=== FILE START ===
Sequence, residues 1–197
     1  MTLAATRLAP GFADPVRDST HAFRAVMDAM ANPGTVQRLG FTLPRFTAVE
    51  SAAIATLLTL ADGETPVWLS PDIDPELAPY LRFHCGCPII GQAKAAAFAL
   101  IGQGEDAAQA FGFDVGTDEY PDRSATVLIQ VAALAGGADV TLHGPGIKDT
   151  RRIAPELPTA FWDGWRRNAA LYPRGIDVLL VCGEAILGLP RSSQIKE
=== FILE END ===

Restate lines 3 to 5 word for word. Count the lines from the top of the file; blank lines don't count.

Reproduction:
    51  SAAIATLLTL ADGETPVWLS PDIDPELAPY LRFHCGCPII GQAKAAAFAL
   101  IGQGEDAAQA FGFDVGTDEY PDRSATVLIQ VAALAGGADV TLHGPGIKDT
   151  RRIAPELPTA FWDGWRRNAA LYPRGIDVLL VCGEAILGLP RSSQIKE